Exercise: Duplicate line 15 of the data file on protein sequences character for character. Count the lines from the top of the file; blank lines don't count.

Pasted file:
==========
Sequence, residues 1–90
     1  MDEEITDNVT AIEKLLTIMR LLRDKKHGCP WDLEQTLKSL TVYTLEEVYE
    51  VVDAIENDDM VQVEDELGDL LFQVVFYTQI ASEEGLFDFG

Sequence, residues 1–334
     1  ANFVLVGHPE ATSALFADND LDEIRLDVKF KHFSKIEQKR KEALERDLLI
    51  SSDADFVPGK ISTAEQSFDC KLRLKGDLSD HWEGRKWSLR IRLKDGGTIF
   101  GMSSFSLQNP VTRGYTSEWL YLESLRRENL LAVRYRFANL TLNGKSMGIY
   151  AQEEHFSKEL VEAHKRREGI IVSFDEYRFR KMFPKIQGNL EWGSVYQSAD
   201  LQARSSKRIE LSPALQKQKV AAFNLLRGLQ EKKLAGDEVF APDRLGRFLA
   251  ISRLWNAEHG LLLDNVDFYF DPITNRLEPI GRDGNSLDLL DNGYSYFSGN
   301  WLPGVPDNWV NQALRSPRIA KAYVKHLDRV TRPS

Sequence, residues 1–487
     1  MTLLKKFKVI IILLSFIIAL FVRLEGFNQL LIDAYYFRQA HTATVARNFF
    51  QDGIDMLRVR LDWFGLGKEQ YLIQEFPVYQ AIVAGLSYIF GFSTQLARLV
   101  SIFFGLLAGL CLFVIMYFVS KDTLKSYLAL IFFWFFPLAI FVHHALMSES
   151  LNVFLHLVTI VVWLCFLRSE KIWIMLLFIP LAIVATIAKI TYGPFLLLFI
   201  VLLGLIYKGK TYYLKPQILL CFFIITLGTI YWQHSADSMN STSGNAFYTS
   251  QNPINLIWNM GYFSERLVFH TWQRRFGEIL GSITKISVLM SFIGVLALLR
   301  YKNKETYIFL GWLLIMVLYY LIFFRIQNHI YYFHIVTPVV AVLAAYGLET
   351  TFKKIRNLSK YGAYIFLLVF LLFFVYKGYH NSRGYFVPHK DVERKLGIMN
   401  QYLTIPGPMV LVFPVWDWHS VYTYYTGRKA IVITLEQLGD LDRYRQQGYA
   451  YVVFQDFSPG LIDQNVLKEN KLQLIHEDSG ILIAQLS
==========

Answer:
   101  SIFFGLLAGL CLFVIMYFVS KDTLKSYLAL IFFWFFPLAI FVHHALMSES